As if writing about these incidents wasn’t draining enough, today’s report comes in video form. Watch what happens when police officers from New York City’s East Village react to a dog running around with a wagging tail, trying to protect its passed-out owner on a public sidewalk before dozens of onlookers [warning: graphic video; not for sensitive stomachs]:
Sorry, but I’m not transcribing that. There’s no need to, anyway; the shooting itself occurs during the first ten seconds of the video, and the rest is the dog squirming and howling in pain while the cops call for backup and try to appease the shocked and outraged crowd – all the while leaving the poor pooch lying there without assistance. (There are reports that the dog was pepper-sprayed, but I can’t find it in the video.)
If this isn’t a perfect example proving right the critics who call for better police training in dealing with animals and restraining their level of force, I don’t know what is. Anyone, cop or otherwise, who believes that the appropriate manner for dealing with a ten-pound animal, whose biggest threat is brushing their pant-leg with its wagging tail, is to start shooting at it is not someone who should ever be allowed within the vicinity of a firearm.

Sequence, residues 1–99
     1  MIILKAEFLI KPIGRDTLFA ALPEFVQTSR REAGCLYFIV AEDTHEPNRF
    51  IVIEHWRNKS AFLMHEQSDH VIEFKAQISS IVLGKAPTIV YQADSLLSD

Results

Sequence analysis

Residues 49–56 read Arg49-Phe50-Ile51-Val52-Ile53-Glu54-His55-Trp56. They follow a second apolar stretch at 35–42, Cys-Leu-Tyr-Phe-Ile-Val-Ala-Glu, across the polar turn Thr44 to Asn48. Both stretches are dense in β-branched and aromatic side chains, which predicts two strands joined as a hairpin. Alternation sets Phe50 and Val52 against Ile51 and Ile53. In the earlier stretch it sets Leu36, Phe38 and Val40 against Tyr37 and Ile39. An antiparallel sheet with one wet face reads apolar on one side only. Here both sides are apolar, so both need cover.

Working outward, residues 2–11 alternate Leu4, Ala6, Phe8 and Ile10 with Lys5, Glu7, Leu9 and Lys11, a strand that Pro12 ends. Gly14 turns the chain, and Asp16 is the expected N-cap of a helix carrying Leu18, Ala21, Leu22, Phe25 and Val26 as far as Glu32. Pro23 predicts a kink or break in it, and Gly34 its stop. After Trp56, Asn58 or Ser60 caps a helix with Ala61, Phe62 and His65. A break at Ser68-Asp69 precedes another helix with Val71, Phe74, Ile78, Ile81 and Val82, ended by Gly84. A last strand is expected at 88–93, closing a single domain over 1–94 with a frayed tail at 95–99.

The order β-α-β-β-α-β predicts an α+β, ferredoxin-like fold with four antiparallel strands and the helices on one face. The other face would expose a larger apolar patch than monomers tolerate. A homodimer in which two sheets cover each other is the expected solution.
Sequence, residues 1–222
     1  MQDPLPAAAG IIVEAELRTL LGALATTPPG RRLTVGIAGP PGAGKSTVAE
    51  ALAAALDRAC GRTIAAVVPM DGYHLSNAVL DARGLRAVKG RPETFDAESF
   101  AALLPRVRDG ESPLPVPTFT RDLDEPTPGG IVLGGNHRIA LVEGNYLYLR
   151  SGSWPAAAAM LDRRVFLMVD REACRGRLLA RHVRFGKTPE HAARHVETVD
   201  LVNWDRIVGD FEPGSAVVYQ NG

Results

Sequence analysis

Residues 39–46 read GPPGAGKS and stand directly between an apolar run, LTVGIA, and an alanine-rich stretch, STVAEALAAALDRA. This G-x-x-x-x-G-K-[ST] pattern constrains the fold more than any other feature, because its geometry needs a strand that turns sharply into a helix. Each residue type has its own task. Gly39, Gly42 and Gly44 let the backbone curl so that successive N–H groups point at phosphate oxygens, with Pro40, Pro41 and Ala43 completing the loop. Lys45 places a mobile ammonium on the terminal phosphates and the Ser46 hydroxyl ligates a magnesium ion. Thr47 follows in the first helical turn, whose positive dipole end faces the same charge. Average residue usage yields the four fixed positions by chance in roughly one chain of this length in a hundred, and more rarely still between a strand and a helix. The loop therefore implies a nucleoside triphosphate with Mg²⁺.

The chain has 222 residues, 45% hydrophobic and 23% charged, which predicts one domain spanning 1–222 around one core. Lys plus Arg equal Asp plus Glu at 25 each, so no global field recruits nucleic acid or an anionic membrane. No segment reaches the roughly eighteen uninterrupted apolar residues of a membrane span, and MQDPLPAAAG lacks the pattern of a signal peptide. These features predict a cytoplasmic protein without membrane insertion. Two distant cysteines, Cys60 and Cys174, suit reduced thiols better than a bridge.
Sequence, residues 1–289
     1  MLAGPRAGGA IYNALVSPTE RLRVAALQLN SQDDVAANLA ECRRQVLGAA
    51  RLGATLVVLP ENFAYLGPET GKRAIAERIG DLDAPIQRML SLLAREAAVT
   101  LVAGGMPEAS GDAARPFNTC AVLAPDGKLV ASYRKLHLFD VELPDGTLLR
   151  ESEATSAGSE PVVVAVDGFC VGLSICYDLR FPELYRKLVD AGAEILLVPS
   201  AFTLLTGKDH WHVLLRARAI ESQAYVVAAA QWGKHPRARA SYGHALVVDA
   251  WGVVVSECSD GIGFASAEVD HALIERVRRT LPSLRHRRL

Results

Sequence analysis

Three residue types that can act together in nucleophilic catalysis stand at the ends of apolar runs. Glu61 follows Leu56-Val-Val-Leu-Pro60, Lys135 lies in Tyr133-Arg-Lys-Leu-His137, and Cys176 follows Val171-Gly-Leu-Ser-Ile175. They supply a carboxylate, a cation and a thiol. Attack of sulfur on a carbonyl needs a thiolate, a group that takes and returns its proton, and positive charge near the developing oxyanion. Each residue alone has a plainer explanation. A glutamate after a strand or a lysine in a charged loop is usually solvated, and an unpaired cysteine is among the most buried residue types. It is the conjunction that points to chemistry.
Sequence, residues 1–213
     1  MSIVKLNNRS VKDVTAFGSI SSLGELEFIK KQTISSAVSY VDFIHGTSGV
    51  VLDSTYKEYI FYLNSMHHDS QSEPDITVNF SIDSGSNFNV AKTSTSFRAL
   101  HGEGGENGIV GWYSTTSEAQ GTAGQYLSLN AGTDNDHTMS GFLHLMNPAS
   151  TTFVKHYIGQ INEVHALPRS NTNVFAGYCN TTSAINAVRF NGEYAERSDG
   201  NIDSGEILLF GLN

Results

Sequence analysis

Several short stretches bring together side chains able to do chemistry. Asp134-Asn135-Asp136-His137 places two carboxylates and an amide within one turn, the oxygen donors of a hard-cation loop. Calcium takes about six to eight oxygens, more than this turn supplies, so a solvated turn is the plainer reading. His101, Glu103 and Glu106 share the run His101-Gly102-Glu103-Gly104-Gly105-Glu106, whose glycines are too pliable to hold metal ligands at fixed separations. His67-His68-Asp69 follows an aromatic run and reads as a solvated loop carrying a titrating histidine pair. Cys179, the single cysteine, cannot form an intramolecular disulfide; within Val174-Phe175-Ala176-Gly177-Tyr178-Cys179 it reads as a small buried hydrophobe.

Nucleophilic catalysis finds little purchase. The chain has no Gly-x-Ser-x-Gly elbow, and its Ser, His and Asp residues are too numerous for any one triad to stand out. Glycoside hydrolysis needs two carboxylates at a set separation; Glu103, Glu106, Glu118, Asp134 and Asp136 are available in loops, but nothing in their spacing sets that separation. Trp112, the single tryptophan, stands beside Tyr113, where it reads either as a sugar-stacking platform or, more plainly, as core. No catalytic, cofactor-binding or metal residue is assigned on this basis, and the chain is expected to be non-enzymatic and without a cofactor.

Thankfully, we do have some good news about the outcome. Contrary to some claims (such as in the above video’s description) that the pooch had died, it turns out that Star the pitbull survived the ordeal and is now recuperating:
Star miraculously survived the point-blank shot, and has been at Animal Care & Control since, but her status has been unknown—until now. This morning Richard Gentles told us that Star "is improving, [but] she's still resting and not up for visitors at this time."
Gentles tells us Star was officially released to Animal Care & Control yesterday at 8 p.m. "Her owner had until that day and time to reclaim her but since he didn’t ownership was legally transferred to AC&C." Until last night, the AC&C couldn’t provide information because of this, but now that she has been released to them, they are free to place her and disclose her status.
Better yet, all her medical bills (totaling nearly $10,000) will be paid via donations through the AC&C’s coincidentally named Special Treatment and Recovery (or STAR). It’s too bad that nothing more is known about the owner (who some believed was seizing during the shooting) and that he apparently won’t regain custody of his loyal companion, but the hope is that Star will end up in a loving home all the same.
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Doggycide Bingo Index
Half-points for being defensive towards cops (who weren’t actually intruding) and for being shot for being protective (without growling). No bingo.